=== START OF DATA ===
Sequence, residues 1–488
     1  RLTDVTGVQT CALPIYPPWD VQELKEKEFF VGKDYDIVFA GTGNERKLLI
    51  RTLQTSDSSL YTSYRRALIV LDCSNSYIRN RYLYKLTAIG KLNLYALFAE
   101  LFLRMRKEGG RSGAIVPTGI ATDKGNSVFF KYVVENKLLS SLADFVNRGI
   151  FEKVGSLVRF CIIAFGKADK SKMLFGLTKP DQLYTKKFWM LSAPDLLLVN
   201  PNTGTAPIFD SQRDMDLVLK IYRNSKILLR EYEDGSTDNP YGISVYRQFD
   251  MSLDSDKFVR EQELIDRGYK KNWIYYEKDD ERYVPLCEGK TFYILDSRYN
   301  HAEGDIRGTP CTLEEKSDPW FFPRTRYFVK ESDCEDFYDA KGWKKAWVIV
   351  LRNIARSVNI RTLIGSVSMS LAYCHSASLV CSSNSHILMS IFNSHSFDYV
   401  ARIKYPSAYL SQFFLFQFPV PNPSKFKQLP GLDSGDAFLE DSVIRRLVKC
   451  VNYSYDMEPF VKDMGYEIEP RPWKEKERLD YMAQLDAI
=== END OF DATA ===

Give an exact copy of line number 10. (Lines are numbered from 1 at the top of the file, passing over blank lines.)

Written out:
   401  ARIKYPSAYL SQFFLFQFPV PNPSKFKQLP GLDSGDAFLE DSVIRRLVKC